PALEN, CARL ANTHONY
Name: Carl Anthony Palen
Rank/Branch: E5/US Army
Unit: 61st Assault Helicopter Company "Lucky Stars", 268th Aviation Battalion,
17th Aviation Group, 1st Aviation Brigade
Date of Birth: 11 March 1947
Home City of Record: Dubuque IA
Date of Loss: 03 January 1971
Country of Loss: South Vietnam
Loss Coordinates: 134700N 1090630E (BR960250)
Status (in 1973): Missing In Action
Acft/Vehicle/Ground: U6 "Beaver"
Other Personnel In Incident: Thomas R. Okerlund; Dennis W. Omelia; Patrick
Magee; Luis G. Holguin; Ferris Rhodes; Michael Parsons (all missing)
Source: Compiled by Homecoming II Project 01 April 1991 from one or more of
the following: raw data from U.S. Government agency sources, correspondence
with POW/MIA families, published sources, interviews. Updated by the P.O.W.
SYNOPSIS: On January 3, 1971, Capt. Ferris A. Rhodes, Jr. was the pilot of a U6
"Beaver" (serial #52-25884), carrying six passengers: 1Lt. Michaeld D. Parsons,
WO1 Thomas R. Okerland, WO1 Dennis W. Omelia; WO1 Luis G. Holguin; SP6 Patrick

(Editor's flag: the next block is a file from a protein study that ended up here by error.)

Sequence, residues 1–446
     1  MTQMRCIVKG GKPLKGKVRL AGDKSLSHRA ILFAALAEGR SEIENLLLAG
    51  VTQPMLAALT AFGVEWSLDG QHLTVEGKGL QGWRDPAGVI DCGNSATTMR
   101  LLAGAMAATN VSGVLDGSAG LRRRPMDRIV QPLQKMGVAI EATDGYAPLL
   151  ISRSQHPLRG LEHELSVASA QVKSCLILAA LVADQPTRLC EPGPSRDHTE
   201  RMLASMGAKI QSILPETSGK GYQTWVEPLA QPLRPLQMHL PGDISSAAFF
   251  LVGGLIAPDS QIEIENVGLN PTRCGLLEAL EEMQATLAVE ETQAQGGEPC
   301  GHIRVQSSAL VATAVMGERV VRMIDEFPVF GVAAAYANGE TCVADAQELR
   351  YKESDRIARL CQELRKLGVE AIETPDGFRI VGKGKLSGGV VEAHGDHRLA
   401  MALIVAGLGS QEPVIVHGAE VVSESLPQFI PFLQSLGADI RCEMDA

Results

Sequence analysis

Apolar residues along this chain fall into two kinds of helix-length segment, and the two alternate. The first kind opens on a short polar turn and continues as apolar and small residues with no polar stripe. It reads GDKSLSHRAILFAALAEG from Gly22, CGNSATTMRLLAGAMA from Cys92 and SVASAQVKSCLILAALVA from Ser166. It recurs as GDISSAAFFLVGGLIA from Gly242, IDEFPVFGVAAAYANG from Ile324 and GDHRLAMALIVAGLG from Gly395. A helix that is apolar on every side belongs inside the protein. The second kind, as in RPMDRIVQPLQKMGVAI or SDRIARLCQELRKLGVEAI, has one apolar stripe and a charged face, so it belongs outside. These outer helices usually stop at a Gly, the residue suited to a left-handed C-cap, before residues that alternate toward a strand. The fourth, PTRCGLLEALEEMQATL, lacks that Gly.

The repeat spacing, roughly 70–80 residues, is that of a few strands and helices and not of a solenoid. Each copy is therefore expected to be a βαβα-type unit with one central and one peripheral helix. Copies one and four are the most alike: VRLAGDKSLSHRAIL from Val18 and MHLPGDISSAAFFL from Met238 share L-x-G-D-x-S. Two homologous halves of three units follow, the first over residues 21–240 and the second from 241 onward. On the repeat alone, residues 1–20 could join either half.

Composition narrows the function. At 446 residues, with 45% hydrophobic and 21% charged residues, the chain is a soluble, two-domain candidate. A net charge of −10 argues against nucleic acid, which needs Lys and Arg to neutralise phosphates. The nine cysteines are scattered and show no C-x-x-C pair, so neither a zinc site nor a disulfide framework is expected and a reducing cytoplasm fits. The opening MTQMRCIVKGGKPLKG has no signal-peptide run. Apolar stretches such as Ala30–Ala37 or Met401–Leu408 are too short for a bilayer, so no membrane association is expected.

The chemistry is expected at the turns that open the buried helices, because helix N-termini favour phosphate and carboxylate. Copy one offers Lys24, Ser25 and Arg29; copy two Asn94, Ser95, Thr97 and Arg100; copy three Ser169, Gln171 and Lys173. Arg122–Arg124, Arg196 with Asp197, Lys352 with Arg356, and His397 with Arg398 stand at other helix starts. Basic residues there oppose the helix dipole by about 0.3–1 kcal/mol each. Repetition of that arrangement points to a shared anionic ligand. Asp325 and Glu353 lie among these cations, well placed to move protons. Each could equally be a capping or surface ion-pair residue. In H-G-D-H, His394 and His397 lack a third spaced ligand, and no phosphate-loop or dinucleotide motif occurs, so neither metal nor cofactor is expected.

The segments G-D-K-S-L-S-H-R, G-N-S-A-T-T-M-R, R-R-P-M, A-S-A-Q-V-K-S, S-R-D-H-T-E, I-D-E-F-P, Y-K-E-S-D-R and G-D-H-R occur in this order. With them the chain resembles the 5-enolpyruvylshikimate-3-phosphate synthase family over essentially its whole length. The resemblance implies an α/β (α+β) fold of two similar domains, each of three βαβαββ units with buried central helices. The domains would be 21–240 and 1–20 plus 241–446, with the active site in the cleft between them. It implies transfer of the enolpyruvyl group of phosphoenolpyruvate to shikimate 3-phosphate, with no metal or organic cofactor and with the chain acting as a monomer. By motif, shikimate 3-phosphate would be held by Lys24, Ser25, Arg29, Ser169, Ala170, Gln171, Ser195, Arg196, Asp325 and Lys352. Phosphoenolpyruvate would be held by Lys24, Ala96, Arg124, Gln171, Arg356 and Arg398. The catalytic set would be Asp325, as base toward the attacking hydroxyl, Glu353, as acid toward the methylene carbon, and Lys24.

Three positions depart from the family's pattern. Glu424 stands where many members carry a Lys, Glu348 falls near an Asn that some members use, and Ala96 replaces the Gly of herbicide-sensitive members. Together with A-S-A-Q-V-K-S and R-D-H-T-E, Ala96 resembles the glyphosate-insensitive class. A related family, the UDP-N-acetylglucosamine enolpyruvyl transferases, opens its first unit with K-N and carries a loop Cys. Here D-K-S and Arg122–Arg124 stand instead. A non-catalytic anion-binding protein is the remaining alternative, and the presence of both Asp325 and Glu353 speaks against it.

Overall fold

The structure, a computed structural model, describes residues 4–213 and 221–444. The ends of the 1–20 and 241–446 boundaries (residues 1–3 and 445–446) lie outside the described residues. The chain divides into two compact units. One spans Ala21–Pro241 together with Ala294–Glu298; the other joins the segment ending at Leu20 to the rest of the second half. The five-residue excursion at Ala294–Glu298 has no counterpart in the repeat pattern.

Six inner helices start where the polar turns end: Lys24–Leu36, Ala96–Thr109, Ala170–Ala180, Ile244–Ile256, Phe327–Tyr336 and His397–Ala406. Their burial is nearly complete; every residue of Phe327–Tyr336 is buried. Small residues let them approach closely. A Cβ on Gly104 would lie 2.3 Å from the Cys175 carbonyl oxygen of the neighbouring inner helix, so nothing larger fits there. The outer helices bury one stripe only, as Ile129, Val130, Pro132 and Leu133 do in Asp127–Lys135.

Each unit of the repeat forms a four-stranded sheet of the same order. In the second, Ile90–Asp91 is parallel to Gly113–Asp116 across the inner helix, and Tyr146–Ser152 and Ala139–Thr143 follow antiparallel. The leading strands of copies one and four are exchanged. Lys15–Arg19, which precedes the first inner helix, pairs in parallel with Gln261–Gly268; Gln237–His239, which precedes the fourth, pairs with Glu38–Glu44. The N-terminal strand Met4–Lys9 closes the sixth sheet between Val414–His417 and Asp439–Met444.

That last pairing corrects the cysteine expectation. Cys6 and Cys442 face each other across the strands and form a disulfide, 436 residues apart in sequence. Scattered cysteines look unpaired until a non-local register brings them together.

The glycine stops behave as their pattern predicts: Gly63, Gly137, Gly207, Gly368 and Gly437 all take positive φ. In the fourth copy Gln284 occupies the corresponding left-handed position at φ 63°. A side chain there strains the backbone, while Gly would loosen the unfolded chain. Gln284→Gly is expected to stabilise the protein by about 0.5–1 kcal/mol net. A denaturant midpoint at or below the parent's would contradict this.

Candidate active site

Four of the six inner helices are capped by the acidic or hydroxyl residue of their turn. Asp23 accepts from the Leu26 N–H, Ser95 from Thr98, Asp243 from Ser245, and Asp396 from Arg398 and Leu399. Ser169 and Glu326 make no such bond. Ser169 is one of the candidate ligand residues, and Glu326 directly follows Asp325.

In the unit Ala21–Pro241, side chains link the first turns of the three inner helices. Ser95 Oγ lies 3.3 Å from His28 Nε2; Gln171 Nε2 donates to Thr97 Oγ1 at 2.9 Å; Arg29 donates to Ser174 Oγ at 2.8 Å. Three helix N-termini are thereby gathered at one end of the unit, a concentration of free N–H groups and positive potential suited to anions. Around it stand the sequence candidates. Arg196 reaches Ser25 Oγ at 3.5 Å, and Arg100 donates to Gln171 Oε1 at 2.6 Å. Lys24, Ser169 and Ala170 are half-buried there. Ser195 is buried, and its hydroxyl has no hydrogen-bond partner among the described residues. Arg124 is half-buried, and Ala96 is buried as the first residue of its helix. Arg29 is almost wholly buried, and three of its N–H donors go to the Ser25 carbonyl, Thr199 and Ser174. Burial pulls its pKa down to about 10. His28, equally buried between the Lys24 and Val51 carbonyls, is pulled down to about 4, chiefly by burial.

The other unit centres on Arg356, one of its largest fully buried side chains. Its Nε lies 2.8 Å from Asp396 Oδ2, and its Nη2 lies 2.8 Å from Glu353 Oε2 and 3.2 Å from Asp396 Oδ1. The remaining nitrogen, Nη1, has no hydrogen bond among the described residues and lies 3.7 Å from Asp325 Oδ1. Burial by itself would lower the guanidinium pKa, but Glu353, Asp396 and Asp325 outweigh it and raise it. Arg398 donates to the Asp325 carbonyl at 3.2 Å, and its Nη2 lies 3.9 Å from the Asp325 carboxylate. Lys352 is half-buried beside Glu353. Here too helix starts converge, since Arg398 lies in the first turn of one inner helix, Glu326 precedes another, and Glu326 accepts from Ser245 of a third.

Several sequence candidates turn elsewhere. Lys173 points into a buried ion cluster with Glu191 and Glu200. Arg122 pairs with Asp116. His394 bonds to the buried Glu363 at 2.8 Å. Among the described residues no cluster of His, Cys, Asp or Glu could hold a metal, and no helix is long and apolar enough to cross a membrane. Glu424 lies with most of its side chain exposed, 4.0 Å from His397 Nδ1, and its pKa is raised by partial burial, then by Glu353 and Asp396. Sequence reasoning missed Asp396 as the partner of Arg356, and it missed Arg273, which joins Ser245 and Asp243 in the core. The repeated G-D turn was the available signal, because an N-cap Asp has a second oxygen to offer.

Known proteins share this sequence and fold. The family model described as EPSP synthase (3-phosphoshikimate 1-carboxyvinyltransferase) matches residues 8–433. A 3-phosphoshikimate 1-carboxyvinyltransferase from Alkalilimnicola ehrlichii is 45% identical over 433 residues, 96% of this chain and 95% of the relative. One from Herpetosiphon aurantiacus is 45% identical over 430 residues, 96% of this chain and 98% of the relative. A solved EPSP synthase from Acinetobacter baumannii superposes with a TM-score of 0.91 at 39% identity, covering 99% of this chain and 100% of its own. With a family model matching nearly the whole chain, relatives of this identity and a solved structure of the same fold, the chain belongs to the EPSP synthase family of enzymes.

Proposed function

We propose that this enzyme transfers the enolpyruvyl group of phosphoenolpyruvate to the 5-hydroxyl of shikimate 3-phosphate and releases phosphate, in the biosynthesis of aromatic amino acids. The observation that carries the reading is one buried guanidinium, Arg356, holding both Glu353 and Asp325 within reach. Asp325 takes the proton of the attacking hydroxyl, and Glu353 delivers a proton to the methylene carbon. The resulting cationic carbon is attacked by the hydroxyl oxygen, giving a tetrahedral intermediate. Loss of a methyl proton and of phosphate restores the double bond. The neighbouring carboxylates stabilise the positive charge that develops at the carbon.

J. Magee; and SP5 Carl A. Palen. This was an administrative support flight from
Qui Nhon to Ban Me Thuot, South Vietnam, to collect replacement helicopters for
the company. Some of the men aboard were helicopter pilots, and would fly the
choppers back to the base at Qui Nhon.
The U6 "Beaver" is an older, fixed wing aircraft of reasonable size (bigger
than a "Bird Dog", for instance), rather short and squatty with a somewhat wide
body. The aircraft departed Qui Nhon at about 0900 hours on January 3 without
filing a proper flight plan, nor was the weather briefing obtained prior to
takeoff. About 14 miles southeast of Phu Cat, at 1120 hours, radio and radar
contact was lost with the plane.
Because Capt. Rhodes had announced plans to remain overnight at Ban Me Thuot,
no immediate searches were made. By January 9, when Rhodes and his passengers
still had not returned, search efforts were begun at 0900 hours, and continued
throughout the day with no sign of the aircraft or its personnel.
The area of takeoff was tricky and the weather conditions were not good. Other
pilots said that if planes taking off did not reach a safe altitude fast
enough, they would crash into a mountain. Cruising speed for the "Beaver"
was a mere 106 mph making it a prime target for flak. Conditions in the area
indicated that the aircraft was shot down, and several years passed before the
crew was finally declared dead.
Evidence mounts that Americans are still alive in Southeast Asia. It is not
known for sure if any of the crew of the U6 survived and are among them, but
there is no evidence that they are dead. If they survived, they could still be
alive. If not, then someone else's brother, son, husband, father is alive. We
owe them our very best effort to bring them home.